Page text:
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On a Western calendar year basis, few country ETFs have struggled as noticeably as representatives in the China space. Through 2/17/10, the China 25 Index Fund (NYSEARCA:FXI) has lost -6.0%, SPDR S&P China (NYSEARCA:GXC) has shed -5.0% and PowerShares Golden Dragon Halter (NYSEARCA:PGJ) has trimmed -3.0%.

Of course, if one chooses to invest more globally, he/she might wish to suspend Western year-to-date ideation. After all, while most Americans opted to celebrate Valentine’s Day on February 14, 2010, China officially recognized the start of the “Year of the Tiger.”

In the Year of the Tiger, then, China’s economy may be smack in the middle of a sweet spot. Forecasters at The Economist Intelligence Unit project 9.6%-10% GDP growth, relatively mild inflation and a relatively mild exit to previously stimulative monetary policy.

(For anyone that remembers the discussion of a “Goldilocks” scenario for U.S. stocks in the 90s… this is it!)

So why have China stocks been struggling? China equities were clearly due for a significant correction; lending restrictions for banks, short-term interest rate hikes and an increase in bank reserves collectively served as the catalyst for the sell-off.

Consider the technical price support for proxies like PGJ. While the correction may or may not be over, the ability to climb back above a 200-Day moving average is certainly a bullish sign.

PGJ Back Above 200-Day

China stocks may be on a fundamentally sound path as well. Markus Rosgen, chief strategist for Citigroup in Hong Kong, explains that emerging Asian equities (1/3 of which are Chinese companies) trade at roughly 13.7 times earnings and 2.2 times book value. In spite of better growth prospects for Emerging Asia, these are similar multiples to most global equities.

(Note: You may want to review my feature on SPDR S&P Emerging Asia Pacific GMF.)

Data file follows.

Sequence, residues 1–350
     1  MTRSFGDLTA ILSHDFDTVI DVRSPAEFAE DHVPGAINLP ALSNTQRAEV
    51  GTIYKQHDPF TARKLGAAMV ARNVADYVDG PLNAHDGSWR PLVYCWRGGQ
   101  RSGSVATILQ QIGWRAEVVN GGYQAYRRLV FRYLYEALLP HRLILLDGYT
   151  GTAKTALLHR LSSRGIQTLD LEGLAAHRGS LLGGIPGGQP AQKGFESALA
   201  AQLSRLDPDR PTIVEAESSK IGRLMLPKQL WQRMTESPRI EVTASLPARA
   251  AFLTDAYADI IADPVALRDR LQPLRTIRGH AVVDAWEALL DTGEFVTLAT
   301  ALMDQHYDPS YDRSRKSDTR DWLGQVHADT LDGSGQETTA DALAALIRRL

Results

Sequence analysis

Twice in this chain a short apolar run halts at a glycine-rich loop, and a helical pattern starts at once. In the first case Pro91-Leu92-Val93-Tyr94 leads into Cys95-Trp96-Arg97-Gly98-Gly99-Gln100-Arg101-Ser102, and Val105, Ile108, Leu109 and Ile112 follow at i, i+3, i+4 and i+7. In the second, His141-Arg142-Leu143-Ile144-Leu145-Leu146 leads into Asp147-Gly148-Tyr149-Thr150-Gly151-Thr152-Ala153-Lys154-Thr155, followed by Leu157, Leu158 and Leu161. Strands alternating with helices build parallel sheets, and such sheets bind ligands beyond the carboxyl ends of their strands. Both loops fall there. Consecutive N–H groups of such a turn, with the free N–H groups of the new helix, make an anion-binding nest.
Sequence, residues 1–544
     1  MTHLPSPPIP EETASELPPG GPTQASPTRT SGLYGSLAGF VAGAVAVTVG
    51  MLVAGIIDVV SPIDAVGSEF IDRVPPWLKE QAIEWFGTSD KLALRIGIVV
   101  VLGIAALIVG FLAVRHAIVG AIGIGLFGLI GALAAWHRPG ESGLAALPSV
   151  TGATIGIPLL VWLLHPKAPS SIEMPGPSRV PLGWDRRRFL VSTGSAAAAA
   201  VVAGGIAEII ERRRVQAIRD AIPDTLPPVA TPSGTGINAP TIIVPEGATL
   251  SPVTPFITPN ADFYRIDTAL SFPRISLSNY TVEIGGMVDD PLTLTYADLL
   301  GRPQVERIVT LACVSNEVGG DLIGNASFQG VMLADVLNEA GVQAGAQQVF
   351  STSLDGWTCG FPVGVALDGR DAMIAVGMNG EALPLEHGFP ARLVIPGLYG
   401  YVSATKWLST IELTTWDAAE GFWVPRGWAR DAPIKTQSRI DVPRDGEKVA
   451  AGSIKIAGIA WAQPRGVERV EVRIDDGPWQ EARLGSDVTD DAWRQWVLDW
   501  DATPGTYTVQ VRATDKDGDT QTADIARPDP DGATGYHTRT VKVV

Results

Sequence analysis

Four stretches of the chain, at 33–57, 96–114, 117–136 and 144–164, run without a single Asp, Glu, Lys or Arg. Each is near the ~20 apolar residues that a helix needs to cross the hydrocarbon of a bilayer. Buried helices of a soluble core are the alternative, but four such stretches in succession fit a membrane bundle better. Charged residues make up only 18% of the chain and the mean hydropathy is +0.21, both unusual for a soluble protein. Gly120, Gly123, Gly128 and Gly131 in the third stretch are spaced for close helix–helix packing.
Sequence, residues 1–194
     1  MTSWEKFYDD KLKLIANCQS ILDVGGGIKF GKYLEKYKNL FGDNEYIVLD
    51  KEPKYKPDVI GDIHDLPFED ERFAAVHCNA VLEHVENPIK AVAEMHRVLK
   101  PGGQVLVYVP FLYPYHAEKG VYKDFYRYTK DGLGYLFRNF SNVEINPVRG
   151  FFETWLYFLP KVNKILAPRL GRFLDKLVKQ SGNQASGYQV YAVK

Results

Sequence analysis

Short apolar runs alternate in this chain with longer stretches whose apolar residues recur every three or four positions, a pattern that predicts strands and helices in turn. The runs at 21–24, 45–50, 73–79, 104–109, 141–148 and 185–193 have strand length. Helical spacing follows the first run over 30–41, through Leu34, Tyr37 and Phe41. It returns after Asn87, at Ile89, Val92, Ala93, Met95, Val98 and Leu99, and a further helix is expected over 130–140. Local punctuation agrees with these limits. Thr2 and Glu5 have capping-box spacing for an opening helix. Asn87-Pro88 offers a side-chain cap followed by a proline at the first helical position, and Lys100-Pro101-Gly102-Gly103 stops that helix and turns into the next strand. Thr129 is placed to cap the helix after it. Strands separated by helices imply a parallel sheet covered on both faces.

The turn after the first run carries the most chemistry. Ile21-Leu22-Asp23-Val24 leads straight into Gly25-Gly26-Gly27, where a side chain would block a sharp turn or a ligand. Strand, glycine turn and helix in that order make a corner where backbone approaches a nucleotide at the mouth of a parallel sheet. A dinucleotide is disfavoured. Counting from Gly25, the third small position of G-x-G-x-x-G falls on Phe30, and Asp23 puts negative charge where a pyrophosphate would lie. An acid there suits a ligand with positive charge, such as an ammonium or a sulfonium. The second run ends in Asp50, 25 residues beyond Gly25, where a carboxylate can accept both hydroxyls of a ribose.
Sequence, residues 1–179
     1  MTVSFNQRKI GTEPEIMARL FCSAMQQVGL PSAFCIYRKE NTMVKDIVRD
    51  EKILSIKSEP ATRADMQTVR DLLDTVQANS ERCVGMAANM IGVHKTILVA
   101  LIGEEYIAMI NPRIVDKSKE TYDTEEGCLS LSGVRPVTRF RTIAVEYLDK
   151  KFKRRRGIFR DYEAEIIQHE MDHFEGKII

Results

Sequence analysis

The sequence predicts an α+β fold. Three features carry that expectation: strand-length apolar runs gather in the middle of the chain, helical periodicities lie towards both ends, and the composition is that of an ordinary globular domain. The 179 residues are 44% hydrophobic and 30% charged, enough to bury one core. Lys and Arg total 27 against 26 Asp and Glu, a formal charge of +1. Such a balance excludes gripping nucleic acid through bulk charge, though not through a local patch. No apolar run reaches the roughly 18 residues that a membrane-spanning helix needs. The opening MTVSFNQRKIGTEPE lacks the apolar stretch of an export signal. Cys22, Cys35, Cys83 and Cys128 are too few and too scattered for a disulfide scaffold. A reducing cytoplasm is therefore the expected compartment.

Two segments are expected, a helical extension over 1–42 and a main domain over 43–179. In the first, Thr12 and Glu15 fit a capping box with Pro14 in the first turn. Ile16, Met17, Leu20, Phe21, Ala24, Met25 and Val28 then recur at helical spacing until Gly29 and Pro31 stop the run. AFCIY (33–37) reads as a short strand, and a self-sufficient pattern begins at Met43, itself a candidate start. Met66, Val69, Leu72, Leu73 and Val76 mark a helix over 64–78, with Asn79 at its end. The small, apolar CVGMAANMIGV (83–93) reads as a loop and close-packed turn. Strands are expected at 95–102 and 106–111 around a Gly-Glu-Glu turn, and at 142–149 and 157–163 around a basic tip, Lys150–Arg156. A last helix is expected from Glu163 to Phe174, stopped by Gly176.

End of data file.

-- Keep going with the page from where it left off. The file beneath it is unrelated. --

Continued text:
Naturally, there are plenty of naysayers who argue that China real estate prices are “bubblicious.” Yet those folks may not be comparing apples to mandarin oranges. For example, many Chinese pay entirely in cash for their homes. Moreover, the average mortgage typically covers about 1/2 the property value.

One thing’s for certain: Interest in investing on the China mainland is not a passing fad. ETF providers have been tripping over themselves to give investors more choice in China, including a host of China sector funds. At present, GlobalXFunds has a line-up of 6 China funds that cover a variety of segments, including, energy, financials, industrials, materials, consumer and technology.

My personal favorites for accessing China have been through regional plays, like Emerging Asia (NYSEARCA:GMF) and All Country Asia excl Japan (NASDAQ:AAXJ). With 1/3 or more of the holdings in Chinese stocks, the correlation to PowerShares Golden Dragon China (PGJ) is quite high.

AAXJ GMF and PGJ

Disclosure Statement: Gary Gordon, MS, CFP is the president of Pacific Park Financial, Inc., a Registered Investment Adviser with the SEC. The company and/or its clients may hold positions in the ETFs, mutual funds and/or index funds mentioned above. The company does not receive compensation from any of the fund providers covered in this feature. Moreover, the commentary does not constitute individualized investment advice. The opinions offered herein are not personalized recommendations to buy, sell or hold securities.

Source: China ETFs: Is Goldilocks in the House?